NetShrine Creator & Curator
Join Date: Mar 2003
Location: NetShrine WHQ
Olson was one of the few. Here's a good, albeit old, feature on where closers come from:
March 15, 1997
Most would rather explain to a six year-old child "Where do babies come from?" than to attempt and address the question "Where do closers come from?". Fear not friendly searcher for saves. You have now entered our cozy, yet dauntless, confine where no inquiry produces the Willies. (Well, maybe a few inquiring minds make us sweat. But, on the whole, not that many. Now, we are not saying our responses may always be right; however, we are stating that they are fearlessly provided nonetheless.)
In order to determine where something came from, you often need to see where it presently resides and look backwards from there. It's called backtracking. Quite a successful notion, indeed. In this case, we ask ourselves: "Where are our closers today?" and then peer to their past to determine their origin.
For this investigative report, let us examine the top 13 active career "Saves" leaders and their roots. Hopefully, there will be something in common in their past which will enable us to draw a conclusion towards a possible mutual breeding ground. The Active Fireman's Top Bakers Dozen:
1. Lee Smith (473 Saves): His roots: Predominately a Starting Pitcher in the minors with 82 Games Started (GS) before his big league debut and his eventual ascension to King of the Closers.
2. Dennis Eckersley (353 Saves): Before switching to relief pitching, he had 361 GS in the majors. (A trend is forming! The top two were once starters.)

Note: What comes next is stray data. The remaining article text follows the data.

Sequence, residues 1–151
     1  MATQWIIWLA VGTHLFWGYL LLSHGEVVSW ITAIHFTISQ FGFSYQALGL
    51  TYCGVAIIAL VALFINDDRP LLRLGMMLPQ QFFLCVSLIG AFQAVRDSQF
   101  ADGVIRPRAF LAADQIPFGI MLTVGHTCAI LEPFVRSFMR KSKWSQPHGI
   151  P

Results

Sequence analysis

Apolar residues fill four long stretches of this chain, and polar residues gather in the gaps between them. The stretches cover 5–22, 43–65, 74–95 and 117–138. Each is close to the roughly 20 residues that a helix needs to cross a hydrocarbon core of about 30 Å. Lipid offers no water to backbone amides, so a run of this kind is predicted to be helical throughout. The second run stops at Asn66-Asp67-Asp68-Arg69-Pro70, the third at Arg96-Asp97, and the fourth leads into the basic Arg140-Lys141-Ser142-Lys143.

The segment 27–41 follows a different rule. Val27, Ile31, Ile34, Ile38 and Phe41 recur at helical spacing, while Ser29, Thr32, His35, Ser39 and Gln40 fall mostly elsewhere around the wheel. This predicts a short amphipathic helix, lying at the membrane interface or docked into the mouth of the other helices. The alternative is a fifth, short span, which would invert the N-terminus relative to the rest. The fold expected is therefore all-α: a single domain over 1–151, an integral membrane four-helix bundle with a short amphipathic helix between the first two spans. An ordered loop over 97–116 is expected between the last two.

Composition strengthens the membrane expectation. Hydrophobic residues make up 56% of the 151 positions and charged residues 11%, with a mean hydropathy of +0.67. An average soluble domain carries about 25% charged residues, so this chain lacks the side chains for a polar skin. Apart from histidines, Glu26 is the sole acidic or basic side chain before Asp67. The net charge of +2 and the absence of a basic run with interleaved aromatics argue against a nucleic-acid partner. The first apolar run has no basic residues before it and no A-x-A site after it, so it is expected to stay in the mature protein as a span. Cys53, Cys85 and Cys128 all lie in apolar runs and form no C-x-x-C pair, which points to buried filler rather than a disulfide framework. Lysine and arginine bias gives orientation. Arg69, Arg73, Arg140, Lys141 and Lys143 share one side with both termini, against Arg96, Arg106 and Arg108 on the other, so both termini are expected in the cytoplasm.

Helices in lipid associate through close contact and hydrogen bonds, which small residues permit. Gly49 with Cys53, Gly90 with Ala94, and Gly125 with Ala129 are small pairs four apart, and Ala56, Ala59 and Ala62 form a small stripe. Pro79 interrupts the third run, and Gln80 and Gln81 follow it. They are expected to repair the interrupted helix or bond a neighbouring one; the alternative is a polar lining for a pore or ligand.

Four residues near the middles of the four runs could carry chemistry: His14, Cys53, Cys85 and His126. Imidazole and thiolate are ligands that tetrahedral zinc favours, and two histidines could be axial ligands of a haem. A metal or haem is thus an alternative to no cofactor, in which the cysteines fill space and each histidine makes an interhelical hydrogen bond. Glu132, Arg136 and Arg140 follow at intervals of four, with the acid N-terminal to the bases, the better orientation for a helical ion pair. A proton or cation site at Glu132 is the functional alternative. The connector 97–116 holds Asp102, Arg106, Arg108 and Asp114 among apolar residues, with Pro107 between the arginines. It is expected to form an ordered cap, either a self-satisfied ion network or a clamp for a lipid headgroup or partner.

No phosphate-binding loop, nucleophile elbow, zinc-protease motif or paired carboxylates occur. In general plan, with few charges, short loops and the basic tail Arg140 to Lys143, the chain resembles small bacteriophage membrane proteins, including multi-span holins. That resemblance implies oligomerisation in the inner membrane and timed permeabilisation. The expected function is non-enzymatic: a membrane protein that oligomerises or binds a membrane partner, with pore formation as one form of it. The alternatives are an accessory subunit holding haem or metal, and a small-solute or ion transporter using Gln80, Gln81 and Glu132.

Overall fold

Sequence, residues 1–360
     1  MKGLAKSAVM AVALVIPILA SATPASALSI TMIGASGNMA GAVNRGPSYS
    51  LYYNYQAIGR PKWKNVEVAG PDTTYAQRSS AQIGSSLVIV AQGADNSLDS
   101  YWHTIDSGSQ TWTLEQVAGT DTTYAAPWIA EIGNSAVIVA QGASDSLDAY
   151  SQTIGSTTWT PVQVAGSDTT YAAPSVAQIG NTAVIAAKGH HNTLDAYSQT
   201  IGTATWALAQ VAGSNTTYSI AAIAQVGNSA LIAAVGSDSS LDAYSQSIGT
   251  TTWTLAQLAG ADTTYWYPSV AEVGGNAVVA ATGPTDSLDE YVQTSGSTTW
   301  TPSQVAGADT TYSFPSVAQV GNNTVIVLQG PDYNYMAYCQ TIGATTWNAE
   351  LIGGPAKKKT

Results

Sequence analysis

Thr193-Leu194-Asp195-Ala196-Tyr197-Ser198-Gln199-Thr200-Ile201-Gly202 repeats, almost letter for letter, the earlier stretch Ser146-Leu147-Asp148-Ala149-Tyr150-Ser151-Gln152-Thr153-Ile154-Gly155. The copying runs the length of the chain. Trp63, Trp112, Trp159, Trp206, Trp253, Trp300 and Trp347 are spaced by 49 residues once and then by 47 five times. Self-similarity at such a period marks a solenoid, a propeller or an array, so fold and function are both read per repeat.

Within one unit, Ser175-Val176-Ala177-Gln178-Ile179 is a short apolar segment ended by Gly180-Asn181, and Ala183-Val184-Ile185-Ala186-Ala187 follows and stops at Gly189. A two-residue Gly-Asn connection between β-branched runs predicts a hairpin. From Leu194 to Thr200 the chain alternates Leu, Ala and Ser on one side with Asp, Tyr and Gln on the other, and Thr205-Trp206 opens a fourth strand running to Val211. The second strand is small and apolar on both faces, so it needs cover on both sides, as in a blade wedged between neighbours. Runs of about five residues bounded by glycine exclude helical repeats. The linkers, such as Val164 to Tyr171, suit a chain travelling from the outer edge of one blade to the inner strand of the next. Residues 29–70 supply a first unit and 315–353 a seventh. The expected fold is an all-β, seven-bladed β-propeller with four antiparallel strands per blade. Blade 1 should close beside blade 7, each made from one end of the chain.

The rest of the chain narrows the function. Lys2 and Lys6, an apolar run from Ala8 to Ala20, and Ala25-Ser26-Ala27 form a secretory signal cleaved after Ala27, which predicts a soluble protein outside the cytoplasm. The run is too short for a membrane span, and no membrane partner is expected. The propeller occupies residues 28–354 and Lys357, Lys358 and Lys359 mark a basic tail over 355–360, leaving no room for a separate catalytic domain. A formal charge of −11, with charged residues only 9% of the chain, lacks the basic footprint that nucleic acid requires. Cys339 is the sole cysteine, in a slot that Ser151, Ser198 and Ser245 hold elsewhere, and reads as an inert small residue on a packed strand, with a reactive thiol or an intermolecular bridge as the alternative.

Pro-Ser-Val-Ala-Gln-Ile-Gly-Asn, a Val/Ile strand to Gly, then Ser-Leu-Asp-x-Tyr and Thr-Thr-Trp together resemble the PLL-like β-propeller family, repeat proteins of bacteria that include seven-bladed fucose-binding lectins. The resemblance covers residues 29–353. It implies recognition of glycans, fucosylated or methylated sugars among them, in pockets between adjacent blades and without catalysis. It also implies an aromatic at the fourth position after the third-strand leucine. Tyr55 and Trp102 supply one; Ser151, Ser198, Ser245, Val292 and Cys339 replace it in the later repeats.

3. John Franco (323 Saves): Made 51 starts in the bush leagues before cracking the show.
4. Randy Myers (274 Saves): He had 94 GS at the minor league level before becoming an ace reliever. (Oh yeah, there's a pattern starting here. This places reeks of former starting pitchers.)
5. Doug Jones (242 Saves): One hundred and five GS in the minors preceding his success a closer.
6. Jeff Montgomery (242 Saves): Forty four GS in the bushes. (As the point has already been well illustrated and now made that most good closers began as a starting pitcher, we'll just list the career minor league GS from here on out.)
7. Todd Worrell (221 Saves): 74 minor league GS.
8. Rick Aguilera (211 Saves): 50 GS.
9. Mike Henneman (193 Saves): One GS. (O.K., there's always one exception in every bunch.)
10. Jeff Russell (186 Saves): 63 GS. (See? We're right back on track with the "former starter" motif.)
11. John Wetteland (180 Saves): 88 GS.
12. Gregg Olson (172 Saves): Zero GS. (Sure, another exception. However, maybe if he HAD started a few times early in his career, maybe he would not have blown out his elbow prematurely?)
13. Rod Beck (162 Saves): Ninety-nine GS. Little known, but true. Look it up.
Granted, perhaps running through the whole thirteen was a bit excessive. Still, it aids in representing the point. Most successful closers were not closers in their minor league career. Many started out as Starting Pitchers in the bushes before becoming "Stoppers". Therefore, "Where do closers come from?" Based on the previously mentioned research, it's safe to say they come from minor league, hard throwing, starters with good control that are converted to pen at the big league level. If you knew this two years ago, maybe Jose Mesa would not have been such a surprise back in 1995? Consider this a clue when attempting to predict future closers.
Steve, Forum Administrator
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